This is the full biography of Gladys Aylward whom I mentioned in my last book review and whom we looked at briefly in Missiology. It’s quite a famous book but I hadn’t read it before. I’m glad I did!
Gladys Aylward wasn’t smart enough to join even China Inland Mission that had pretty low expectations of its missionaries. But she had guts and managed to make her own way to China, working in a variety of roles with children, criminals, muleteers, generals, mandarins and ordinary village folk. Never expecting to return home, she became so Chinese that when she eventually did return to England, some people were confused about her nationality!
There’s plenty of juicy action in this story – wolves, prisons, confrontations with bandits, rescuing an abused woman from an insane asylum, trekking with 100 children for a month to escape an advancing army, beheadings of masses of believers. For all the amazing stories, Gladys describes herself as “insignificant, uneducated and ordinary” and I believe her! She carefully plots the changes God worked in her, rejoicing in how he changed her rather than excusing her failings. God is the hero of this biography.
One of the greatest heartbreaks for Gladys after being in China for 20 years was when she was urged by a Chinese colleague to return to England because it was worshipping other gods. Picking up a newspaper, she saw that that “every item of reported news from England, every picture, was concerned with a film star, or a sportsman, or a horse race – not one mention of God. England, seemingly so prosperous… had forgotten what was all-important – the realisation that God mattered in the life of a nation no less than in that of an individual.” The great sadness for Gladys was that while she was away from home, her country people had become hard of heart, swept up in worrying about what to wear to church social events!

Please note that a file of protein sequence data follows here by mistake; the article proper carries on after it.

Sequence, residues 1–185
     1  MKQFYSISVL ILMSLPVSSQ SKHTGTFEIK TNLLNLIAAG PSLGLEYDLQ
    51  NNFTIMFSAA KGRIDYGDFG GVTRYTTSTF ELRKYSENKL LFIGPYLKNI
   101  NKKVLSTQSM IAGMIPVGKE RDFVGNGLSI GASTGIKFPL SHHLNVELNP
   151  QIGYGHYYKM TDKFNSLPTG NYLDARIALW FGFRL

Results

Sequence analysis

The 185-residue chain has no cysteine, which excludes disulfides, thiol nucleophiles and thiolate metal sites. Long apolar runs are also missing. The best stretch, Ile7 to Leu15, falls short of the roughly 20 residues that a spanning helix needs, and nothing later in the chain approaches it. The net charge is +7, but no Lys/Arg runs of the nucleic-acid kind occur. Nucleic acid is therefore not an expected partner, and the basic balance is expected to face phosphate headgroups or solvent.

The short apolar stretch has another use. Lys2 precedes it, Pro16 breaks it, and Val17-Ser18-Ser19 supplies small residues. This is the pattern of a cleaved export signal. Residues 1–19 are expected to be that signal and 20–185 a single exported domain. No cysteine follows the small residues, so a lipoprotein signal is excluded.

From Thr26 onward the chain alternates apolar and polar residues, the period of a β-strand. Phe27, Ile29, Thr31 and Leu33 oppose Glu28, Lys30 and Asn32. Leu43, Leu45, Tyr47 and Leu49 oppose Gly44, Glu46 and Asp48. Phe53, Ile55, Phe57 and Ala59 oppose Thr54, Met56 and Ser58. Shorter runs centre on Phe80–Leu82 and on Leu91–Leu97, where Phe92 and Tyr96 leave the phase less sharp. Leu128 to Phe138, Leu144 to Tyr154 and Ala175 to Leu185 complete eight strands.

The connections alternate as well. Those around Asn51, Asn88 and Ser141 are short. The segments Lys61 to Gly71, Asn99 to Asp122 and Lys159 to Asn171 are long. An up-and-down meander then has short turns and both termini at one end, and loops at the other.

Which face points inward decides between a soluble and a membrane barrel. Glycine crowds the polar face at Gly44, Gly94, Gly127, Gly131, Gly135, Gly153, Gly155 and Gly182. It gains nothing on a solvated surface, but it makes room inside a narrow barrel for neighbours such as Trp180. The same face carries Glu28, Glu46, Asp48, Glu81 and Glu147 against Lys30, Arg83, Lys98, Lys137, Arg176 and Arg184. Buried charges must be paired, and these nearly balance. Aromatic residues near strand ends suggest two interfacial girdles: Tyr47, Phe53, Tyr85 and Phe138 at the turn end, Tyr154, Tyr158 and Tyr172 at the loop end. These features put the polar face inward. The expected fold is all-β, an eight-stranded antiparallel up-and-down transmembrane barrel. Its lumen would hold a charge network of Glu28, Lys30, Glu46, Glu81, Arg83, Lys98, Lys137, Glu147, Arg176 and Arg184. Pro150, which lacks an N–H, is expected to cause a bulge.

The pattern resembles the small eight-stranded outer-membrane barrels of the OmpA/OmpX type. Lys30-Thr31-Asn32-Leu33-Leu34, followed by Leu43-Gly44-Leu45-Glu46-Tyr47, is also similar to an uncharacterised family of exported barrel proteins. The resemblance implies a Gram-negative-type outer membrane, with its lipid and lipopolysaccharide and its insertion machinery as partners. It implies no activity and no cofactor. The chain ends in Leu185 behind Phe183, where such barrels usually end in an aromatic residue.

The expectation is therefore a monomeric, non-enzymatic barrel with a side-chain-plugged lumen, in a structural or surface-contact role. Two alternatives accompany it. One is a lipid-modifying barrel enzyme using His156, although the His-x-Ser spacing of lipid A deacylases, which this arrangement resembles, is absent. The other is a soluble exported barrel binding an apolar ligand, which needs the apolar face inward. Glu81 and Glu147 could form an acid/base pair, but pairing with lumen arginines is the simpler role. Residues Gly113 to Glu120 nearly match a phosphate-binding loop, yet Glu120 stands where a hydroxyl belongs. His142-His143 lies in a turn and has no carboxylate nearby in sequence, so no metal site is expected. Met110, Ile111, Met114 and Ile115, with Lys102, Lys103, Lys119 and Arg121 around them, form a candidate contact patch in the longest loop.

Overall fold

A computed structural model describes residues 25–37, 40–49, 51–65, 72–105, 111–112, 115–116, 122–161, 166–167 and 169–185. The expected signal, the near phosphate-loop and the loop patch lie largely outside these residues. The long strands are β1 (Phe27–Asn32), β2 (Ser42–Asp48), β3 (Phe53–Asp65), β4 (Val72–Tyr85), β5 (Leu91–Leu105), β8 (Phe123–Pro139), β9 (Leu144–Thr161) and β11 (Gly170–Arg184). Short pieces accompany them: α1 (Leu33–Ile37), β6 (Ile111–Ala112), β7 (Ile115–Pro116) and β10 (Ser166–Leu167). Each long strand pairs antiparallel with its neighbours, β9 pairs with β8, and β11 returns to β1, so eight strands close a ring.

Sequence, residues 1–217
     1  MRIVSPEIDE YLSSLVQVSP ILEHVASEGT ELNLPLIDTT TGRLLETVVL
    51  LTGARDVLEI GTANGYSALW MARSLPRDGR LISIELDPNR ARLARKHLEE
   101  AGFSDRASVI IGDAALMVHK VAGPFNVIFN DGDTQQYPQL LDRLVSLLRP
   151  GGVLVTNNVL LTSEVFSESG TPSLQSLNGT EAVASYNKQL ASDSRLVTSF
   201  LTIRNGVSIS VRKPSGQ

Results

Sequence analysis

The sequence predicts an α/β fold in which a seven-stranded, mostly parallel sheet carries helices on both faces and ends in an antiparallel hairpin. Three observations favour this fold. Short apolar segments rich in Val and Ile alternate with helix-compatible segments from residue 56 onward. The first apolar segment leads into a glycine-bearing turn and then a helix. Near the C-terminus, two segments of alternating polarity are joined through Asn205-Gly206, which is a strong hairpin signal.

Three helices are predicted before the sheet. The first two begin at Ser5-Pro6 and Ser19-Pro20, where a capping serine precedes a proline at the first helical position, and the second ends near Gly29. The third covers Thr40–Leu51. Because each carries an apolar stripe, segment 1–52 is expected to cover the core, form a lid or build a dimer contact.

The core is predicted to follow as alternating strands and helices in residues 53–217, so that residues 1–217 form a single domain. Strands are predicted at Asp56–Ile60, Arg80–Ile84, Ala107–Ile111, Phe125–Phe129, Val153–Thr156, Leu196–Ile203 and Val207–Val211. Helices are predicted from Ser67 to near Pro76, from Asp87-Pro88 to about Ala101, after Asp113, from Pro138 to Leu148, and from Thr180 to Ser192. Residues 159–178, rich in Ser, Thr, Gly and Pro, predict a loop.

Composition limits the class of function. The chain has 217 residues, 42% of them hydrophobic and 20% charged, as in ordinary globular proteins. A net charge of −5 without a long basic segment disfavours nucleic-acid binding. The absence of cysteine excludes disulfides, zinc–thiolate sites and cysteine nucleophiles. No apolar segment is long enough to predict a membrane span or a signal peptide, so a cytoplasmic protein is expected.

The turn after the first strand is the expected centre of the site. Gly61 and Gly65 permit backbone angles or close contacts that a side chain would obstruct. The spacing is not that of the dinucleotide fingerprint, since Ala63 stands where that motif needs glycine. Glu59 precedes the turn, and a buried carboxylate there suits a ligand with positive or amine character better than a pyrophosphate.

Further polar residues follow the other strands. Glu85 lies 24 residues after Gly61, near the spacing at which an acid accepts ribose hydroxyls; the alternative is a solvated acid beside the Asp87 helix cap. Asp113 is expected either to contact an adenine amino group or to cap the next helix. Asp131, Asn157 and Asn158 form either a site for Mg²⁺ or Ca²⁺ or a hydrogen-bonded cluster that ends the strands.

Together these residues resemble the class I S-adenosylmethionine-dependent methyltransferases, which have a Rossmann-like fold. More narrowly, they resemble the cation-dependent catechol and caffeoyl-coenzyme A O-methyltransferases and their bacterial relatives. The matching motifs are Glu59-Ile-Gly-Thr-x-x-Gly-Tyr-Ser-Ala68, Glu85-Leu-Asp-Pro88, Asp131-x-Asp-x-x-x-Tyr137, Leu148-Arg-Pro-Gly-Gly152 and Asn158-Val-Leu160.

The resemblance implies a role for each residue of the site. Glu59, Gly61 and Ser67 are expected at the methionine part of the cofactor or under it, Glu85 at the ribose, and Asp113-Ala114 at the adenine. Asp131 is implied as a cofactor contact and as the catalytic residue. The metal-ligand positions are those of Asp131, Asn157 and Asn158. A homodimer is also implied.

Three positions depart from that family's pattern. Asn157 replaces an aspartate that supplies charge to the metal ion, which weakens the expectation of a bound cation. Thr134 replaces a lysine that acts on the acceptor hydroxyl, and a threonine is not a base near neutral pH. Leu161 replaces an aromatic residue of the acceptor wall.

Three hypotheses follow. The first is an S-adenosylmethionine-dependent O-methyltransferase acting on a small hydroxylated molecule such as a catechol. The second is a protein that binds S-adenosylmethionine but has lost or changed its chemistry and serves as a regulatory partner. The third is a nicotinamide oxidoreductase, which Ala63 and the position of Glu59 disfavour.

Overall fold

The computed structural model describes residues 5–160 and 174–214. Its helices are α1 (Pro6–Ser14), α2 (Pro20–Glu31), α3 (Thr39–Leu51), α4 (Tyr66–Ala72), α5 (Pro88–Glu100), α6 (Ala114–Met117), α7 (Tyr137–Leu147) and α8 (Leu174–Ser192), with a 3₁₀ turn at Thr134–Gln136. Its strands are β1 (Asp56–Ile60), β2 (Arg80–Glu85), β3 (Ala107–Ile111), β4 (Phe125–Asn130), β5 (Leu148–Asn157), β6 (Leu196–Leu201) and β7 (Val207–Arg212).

Reading Gladys Aylward’s story makes me want to be used by God in amazing ways like she was. But it also challenges us about how we live in our own country. Will our hearts be soft? Will we be filled with zeal to see those around us come to know Christ? Will we be different from the prevailing culture? Will we pray for God’s kingdom to come?
Tamie Davis is an Aussie living in Tanzania, writing at meetjesusatuni.com.